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Thompson guarding against Super Bowl hangover for Pack

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Posted Feb. 25, 2011 @ 1:39 p.m. ET
By Michael Blunda

INDIANAPOLIS — The Packers just won a Super Bowl and are sitting atop the football world. But the potential for a championship hangover is clearly something they're thinking about heading into the 2011 offseason.

Speaking at the NFL Scouting Combine on Friday, Packers GM Ted Thompson indicated that there is a downside to sitting atop the NFL.

"Winning comes with some complications," Thompson said. "We'll see how we handle success, we'll see how we handle the fact that we are the reigning world champions. It won't be an easy task; the NFL is a very hard business."

According to the GM, one of those complications is the team's ability to prepare for April's draft, something it usually begins in January but had to delay due to the club's title run. While the Pack gladly will take the trade-off, it does force Thompson and Co. to learn on the fly during their time in Indianapolis and beyond.

But if there is anyone who can handle the adversity, it's Thompson, who has become one of the league's premier drafters during his six seasons as Green Bay's GM. In his first draft, he found Pro Bowlers like QB Aaron Rodgers and S Nick Collins, and he has continued to stockpile talent on draft weekend throughout his tenure. But where did he learn this approach?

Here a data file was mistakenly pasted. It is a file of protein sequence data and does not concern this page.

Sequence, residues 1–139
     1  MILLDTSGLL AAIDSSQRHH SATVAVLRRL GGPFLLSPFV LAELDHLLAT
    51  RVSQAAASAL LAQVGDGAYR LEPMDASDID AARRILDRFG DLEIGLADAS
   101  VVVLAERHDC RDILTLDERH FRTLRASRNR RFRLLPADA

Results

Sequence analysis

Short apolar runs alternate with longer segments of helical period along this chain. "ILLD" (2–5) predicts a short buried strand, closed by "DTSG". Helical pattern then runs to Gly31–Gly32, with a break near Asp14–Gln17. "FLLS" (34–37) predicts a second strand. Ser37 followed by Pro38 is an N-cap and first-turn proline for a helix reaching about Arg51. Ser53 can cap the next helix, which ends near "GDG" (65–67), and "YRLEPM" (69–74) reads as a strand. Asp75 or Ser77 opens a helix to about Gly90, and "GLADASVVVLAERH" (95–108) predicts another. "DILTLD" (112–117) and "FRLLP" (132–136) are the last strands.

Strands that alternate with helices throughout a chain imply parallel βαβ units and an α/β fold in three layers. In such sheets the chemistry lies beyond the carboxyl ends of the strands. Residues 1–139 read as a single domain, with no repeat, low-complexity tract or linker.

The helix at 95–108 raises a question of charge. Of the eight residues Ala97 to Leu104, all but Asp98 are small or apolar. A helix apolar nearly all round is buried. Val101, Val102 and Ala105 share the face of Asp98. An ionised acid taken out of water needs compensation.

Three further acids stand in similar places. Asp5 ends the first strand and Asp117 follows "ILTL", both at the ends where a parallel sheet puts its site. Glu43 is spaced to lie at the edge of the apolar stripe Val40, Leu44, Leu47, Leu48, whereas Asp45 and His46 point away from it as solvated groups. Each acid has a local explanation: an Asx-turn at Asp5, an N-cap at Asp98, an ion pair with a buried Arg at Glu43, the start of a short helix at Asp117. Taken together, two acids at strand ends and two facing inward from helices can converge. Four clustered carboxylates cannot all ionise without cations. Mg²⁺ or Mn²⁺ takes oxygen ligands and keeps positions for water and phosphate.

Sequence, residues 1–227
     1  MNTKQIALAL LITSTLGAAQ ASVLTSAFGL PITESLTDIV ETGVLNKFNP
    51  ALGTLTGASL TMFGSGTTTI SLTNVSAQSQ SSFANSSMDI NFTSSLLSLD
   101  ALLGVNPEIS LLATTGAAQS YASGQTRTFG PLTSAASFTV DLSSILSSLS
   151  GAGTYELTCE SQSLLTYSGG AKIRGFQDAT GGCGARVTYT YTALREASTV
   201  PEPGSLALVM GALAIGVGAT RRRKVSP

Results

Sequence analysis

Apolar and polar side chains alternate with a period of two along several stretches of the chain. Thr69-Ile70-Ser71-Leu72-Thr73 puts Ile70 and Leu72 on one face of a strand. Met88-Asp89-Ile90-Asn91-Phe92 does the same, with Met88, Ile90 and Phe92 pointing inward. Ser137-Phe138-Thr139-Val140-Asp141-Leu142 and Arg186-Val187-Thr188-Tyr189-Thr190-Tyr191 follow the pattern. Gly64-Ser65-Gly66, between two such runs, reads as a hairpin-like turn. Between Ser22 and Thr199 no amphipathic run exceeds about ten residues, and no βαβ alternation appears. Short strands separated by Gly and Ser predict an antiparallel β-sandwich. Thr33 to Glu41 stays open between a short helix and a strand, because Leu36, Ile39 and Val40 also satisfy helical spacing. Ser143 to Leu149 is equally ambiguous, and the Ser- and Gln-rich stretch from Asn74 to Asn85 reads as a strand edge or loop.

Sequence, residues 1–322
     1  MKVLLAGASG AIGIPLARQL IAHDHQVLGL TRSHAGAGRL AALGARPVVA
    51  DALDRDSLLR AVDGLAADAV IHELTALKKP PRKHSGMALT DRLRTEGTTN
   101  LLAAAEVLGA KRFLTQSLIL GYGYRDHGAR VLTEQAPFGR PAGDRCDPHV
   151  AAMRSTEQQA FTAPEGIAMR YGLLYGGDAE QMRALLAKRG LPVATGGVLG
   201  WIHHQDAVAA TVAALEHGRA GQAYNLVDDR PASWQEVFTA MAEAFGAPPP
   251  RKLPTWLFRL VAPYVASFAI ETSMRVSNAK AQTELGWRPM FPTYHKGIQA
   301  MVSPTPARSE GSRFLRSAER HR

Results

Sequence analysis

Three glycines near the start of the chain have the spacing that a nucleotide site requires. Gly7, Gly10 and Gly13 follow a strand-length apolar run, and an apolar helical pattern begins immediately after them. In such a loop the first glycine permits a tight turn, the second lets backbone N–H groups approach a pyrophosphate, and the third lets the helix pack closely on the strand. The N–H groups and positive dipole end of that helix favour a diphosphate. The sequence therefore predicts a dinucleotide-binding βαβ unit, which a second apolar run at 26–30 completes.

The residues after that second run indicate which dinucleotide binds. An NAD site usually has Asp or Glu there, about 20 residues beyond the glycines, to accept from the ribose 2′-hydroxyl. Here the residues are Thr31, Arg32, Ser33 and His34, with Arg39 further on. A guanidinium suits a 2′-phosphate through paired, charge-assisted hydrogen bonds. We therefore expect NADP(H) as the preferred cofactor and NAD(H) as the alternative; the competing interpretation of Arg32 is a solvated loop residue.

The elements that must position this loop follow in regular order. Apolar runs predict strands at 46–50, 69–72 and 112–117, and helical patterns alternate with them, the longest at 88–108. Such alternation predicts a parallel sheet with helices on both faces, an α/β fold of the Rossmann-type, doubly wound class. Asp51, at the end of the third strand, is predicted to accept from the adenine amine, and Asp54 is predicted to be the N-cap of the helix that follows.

"From Ron Wolf, first and foremost," he said. "He's who I went to work for in ’92. I felt like he strongly believed that you build the core of your team around the draft. Certainly free agency is another avenue, but I think you do that more selectively."

The effects of Wolf, a longtime personnel man whose last stop was in Green Bay, are still apparent in the Packers' organization today. The team has built a strong staff of scouts to evaluate players coming out of college, and based on their recent success, it's difficult to argue with the results.

"Our guys do a lot of work," Thompson said. "Almost the entire staff in personnel was trained by Ron Wolf. He believed very strongly in scouting and going to see players and doing due diligence and working just as hard on the seventh-round guys or the free-agent guys as we do on the first-round guys."

With one of the Packers' top needs coming on the defensive line, Thompson added that he wasn't limiting himself to players who played in a 3-4 scheme in college.

"I think you draft players based on if they're good players or not," he said. "If you're a good defensive player in college, we'll find a spot that you can play. There's differences in maybe the physical makeups of them, but if you get a good player, you get a good player."

Thompson has gotten plenty of those during his time in Green Bay, and even though he'll be picking at the bottom of each round in April, he's bound to find a few more.

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